The Alternative Investment Management Association, the London-based organization representing the interests of the world’s alternative investment industry, has issued a new whitepaper about the impact of the exit of the United Kingdom from the European Union.
This ongoing event, known popularly as Brexit, has occupied armies of reporters, planners, and Deep Thinkers ever since well before the referendum of June 2016 and its surprising “leave” vote.
The United Kingdom has the largest alternative assets industry in Europe, so AIMA is unsurprisingly interested in the consequences of such an exit.
The Wrong Name?
[By the way, the move is apparently called ‘Brexit’ rather than ‘Ukxit’ because the former is easier to pronounce. The latter would be more accurate — Northern Ireland, which is of the UK but not of Britain, will apparently be included in the exiting from the EU — a fact of great and tricky significance in arranging the particulars. The latter term also has the merit that it might be plausibly pronounced “You kick it.” Still, this post will follow convention and speak of the impending “Brexit.”]
Many existing cross-border provisions offer certainty to investors who are, say, in Spain and whose assets are managed by entities headquartered in France. But these provisions will not any longer apply to the UK, and there is some threat of disruption both for investors in the UK with managers on the continent (or in Dublin) and for managers in the UK with investors in one of those not-so-distant places.
The AIMA paper makes the point that the impending Brexit requires legislative or regulatory distinctions in the UK of three broad sorts: whether and to what extent entities from the Eurozone will continue to enjoy a preferred status in their dealings with UK investors; whether and to what extent the relationships that those entities have with UK investors can be grandfathered in, continuing without interruption even after new relations on the same terms are disallowed; and what will be the status going forwards of the UCITS Directive.
By way of reminder, UCITS is the Undertakings for Collective Investment in Transferable Securities directive, which came into play in the EU in its original form in 1985. Though there have been important revisions since, UCITS in general has become over more than 30 years so so firmly ingrained into the habits of financiers on both sides of the channel that it is difficult to think of simply erasing it like some unwelcome writing on a whiteboard.
These points, especially the first of them, may be addressed in the context of EU/UK negotiations, or to some extent that may be addressed unilaterally within the UK.
A Choice for UK UCITS
Looking at the third of the above points, though, the following is fairly clear: current UK UCITS will no longer be eligible to be UCITS unless they redomicile to the EU. Likewise for current UK UCITS management companies. Some may want to redomicile and then to set up a branch in the UK. Those that follow this route may apply to new UK FSA authorizations in connection with those branches. There are, the white paper says, “numerous legal and regulatory questions”: that will arise “out of branch structure such as this,” and it may be wise the the government to establish a streamlined authorization process in order to avoid unnecessary disruptions.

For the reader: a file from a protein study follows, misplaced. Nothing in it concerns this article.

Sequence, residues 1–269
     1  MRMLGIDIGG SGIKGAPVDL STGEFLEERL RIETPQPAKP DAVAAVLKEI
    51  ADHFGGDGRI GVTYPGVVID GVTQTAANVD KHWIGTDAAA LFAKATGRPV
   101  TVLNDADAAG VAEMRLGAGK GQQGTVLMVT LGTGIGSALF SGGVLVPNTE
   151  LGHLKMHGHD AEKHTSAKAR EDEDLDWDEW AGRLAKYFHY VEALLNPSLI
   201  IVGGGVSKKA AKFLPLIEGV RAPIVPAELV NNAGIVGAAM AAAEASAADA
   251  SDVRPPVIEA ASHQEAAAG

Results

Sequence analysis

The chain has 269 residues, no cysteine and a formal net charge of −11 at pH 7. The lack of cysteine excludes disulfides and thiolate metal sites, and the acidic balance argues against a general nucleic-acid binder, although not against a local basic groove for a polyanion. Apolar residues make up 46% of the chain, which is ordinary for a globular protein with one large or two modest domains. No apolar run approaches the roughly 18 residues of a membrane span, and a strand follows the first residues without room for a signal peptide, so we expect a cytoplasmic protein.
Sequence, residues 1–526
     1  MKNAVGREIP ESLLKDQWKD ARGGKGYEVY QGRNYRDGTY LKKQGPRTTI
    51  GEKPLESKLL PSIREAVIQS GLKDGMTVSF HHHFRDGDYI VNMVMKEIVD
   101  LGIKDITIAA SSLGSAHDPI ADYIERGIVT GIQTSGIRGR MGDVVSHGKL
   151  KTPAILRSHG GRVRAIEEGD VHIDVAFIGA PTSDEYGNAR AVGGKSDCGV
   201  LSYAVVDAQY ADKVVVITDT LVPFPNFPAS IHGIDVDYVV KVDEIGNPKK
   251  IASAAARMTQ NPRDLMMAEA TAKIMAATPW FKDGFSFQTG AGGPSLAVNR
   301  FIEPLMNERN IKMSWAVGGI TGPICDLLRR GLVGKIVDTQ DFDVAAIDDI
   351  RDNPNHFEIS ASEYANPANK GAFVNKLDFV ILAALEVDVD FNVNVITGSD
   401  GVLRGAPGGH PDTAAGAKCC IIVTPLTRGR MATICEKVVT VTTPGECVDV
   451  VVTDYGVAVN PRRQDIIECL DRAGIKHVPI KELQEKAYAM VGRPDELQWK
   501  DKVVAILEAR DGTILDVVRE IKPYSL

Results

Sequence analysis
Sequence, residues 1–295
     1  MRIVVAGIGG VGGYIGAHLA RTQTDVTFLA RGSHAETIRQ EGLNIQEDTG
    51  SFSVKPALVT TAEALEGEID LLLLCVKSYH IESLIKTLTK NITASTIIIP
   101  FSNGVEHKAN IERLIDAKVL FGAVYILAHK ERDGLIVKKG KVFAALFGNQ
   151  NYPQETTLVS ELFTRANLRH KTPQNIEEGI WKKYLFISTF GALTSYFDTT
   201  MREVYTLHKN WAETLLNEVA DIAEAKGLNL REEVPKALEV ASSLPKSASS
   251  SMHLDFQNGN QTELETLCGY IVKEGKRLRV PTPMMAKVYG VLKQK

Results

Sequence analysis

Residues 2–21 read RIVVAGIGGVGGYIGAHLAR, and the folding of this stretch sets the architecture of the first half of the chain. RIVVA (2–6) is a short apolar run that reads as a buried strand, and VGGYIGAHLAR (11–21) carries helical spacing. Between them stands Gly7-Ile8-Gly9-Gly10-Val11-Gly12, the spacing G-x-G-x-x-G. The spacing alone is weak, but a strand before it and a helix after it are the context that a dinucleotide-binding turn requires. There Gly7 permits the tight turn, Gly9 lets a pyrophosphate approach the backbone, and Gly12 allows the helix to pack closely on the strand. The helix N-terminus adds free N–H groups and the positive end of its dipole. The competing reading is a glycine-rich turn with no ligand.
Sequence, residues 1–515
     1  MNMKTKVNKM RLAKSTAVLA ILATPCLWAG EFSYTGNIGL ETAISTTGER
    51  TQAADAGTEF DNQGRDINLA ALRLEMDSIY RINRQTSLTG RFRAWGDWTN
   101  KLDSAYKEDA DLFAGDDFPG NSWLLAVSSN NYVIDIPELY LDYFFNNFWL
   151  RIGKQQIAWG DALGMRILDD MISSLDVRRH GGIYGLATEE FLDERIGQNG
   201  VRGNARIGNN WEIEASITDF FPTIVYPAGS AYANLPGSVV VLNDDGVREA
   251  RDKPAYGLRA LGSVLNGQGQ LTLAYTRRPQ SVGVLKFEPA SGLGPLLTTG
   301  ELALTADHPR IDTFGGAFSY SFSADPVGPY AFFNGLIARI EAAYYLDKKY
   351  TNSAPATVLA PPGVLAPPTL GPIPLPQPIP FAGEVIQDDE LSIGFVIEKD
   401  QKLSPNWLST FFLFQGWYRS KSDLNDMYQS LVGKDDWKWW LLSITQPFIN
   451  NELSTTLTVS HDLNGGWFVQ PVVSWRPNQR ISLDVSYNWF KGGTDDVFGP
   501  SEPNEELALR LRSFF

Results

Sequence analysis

Other UK UCITS may choose not to redomicile, and may end up as an authorized UK AIFM, a residual CIS “or something else.”
Incoming non-UK UCITS
There is also the issue of incoming services in the UCITS field, that is, non-UK UCITS that currently seek recognition in the UK through the regulator-to-regulator procedure stipulated in UCITS IV. In the scenario in which the UK and EU fail to reach a deal, the white paper contemplates that this procedure will become inoperative as the underlying notification regime “falls away.”
In this regard AIMA suggests that the UK should act unilaterally to allow incoming services to continue to benefit UK investors. It should “accept the adequacy of the UCITS regime for the purposes of recognition … and we would not expect the FCA to require a case-by-case comparison with what currently qualifies as a UK UCITS.”
Jack Inglis’ Observation
A press release that accompanied the release of this white paper quoted AIMA’s CEO, Jack Inglis, making an important general observation about Brexit.
“This is a time of uncertainty for the UK’s alternative investment management industry,” he said, “and our members continue to devise and implement a variety of contingency plans.” He also said that AIMA’s “next piece of work in this area will be a similar paper considering these issues from the point of view of European policymakers and managers.”